Kenya’s Odinga rules out becoming Kibaki’s PM
NAIROBI (Reuters) – Kenya’s opposition leader Raila Odinga ruled out on Friday taking a new post of prime minister in President Mwai Kibaki’s government as a solution to the post-election dispute crippling the east African nation.
“I never said I was considering taking up a position of prime minister under Kibaki,” Odinga told Reuters.
Some media and diplomats have suggested that could be a way out of the impasse in the aftermath of Kenya’s December 27 vote. Conflict triggered by a dispute over the results has killed around 700 people, displaced 250,000 and jeopardised one of Africa’s brightest economies.
But Odinga said the only three acceptable options would be Kibaki’s resignation, a vote re-run, or power-sharing leading to constitutional reform then a new election.
The 63-year-old leader of the Orange Democratic Movement (ODM) met Kibaki for the first time in the crisis — thanks to the mediation of former U.N. boss Kofi Annan — on Thursday.
But he was offended by Kibaki’s comments afterwards that he was Kenya’s “duly-elected” president.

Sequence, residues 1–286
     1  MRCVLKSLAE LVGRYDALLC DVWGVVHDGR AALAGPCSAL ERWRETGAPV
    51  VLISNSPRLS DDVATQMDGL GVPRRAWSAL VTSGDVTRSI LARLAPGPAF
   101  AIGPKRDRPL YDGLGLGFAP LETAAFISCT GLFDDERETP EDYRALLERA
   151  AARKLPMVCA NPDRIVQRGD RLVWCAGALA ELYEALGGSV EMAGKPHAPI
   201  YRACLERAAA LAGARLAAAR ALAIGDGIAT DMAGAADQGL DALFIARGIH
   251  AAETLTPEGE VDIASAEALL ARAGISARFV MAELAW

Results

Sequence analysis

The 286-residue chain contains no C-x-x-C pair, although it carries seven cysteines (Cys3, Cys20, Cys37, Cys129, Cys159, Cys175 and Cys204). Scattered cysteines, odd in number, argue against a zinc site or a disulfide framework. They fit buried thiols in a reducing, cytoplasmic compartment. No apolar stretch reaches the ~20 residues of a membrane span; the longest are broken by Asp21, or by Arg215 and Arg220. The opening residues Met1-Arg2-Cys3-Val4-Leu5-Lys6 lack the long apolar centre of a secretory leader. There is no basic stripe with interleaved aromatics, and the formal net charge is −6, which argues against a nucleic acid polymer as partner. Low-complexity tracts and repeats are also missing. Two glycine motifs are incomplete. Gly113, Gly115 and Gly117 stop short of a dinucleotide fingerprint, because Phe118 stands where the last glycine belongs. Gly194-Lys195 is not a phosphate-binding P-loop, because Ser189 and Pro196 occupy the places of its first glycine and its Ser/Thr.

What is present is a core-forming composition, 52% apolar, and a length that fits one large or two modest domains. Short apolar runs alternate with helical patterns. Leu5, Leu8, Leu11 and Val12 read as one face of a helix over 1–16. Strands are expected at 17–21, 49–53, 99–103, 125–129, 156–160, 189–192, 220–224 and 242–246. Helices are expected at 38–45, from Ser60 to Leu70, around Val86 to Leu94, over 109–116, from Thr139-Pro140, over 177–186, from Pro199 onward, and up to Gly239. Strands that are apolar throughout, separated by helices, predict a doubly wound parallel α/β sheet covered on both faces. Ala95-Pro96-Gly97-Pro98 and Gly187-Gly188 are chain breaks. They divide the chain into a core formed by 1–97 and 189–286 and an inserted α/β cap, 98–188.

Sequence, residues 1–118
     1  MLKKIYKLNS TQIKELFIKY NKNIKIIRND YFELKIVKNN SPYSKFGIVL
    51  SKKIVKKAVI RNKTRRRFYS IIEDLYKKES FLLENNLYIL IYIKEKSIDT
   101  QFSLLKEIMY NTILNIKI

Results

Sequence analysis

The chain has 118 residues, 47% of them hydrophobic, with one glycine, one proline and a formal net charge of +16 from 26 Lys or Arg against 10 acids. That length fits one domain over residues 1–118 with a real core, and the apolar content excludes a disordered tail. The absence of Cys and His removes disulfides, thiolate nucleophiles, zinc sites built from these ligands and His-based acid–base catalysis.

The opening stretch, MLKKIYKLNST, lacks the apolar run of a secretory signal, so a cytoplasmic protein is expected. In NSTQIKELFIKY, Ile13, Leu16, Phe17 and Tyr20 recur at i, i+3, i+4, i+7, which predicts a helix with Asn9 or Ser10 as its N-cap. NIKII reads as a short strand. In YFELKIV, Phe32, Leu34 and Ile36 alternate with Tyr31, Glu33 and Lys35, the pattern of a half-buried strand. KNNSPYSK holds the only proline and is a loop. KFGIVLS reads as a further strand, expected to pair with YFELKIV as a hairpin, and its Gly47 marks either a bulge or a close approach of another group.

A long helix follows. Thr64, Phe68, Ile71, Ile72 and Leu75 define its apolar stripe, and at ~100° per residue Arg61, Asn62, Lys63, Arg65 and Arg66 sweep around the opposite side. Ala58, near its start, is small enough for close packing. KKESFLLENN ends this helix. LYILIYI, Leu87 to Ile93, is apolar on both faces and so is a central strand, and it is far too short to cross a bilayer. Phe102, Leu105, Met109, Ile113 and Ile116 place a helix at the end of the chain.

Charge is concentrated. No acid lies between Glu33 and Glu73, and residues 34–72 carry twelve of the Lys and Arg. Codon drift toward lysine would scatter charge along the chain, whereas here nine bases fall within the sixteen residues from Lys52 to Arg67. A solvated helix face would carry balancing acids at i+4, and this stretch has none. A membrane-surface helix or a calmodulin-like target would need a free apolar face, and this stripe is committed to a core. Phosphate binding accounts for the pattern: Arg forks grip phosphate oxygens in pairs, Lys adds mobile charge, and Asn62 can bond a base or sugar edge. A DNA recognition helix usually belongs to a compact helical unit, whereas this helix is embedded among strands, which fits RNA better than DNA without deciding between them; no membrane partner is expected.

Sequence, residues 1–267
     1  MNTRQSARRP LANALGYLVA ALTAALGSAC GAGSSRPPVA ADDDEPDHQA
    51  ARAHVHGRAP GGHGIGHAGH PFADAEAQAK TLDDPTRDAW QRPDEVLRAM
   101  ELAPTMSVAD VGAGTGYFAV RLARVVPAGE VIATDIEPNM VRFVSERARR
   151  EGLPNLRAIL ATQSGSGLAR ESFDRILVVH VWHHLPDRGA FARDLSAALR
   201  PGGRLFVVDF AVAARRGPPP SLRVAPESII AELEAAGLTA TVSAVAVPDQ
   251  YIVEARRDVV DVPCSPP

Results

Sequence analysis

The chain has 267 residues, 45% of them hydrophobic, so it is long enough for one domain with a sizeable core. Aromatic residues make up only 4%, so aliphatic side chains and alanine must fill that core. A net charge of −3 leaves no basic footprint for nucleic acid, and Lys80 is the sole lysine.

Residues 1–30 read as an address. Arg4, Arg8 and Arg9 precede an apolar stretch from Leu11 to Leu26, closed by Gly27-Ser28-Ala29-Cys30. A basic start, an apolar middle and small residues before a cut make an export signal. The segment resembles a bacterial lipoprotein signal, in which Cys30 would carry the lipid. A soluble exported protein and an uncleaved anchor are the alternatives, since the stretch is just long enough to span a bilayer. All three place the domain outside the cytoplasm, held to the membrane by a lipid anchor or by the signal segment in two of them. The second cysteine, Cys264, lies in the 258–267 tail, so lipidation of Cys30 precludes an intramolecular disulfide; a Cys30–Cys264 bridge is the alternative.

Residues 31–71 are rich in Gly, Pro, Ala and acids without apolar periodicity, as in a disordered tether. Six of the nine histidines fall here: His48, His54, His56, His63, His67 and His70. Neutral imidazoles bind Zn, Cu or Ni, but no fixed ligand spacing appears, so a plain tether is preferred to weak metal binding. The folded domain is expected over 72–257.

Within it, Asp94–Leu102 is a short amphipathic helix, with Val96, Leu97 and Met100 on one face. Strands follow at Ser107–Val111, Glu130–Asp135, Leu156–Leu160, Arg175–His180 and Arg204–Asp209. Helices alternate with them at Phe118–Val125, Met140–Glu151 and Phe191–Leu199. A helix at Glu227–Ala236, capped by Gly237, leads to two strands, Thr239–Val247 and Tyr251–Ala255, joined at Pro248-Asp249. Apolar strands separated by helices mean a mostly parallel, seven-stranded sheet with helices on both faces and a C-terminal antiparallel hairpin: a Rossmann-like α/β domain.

“Those remarks were unfortunate, calling himself duly-elected and sworn-in president. That is the bone of contention. We want negotiations with integrity,” he said.
Asked if he would, however, meet Kibaki again, Odinga replied: “Yes, sure. But I would ask him to desist from making those kind of embarrassing remarks, which will definitely undermine the process of mediation.”
In his first comments on the contents of the closed-door meeting, the ODM leader said it was a constructive step.
“In the meeting, we held useful discussions. We were able to give as much as we took,” he said.
“The issue of post-election violence was discussed. We also expressed concerns, not just about the communal violence, but about the excessive use of force by the police.”
The government accuses opposition leaders of stirring up violence against Kibaki’s Kikuyu ethnic group, while the ODM says police have been killing innocent protesters.
Each side has accused the other of genocide.
Odinga, who called off street protests when Annan arrived on Wednesday, said mass action was still a possibility.
“It is an option that will be looked at among other peaceful protests, like boycotts, strikes and so on. There’s a whole package that is considered,” he said in the telephone interview.